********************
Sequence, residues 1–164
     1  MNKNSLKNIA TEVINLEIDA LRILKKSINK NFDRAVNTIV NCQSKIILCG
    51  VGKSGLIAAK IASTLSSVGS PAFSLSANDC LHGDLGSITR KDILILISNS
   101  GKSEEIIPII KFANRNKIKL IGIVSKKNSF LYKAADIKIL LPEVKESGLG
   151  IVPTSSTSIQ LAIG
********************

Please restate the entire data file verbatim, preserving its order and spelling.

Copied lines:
Sequence, residues 1–164
     1  MNKNSLKNIA TEVINLEIDA LRILKKSINK NFDRAVNTIV NCQSKIILCG
    51  VGKSGLIAAK IASTLSSVGS PAFSLSANDC LHGDLGSITR KDILILISNS
   101  GKSEEIIPII KFANRNKIKL IGIVSKKNSF LYKAADIKIL LPEVKESGLG
   151  IVPTSSTSIQ LAIG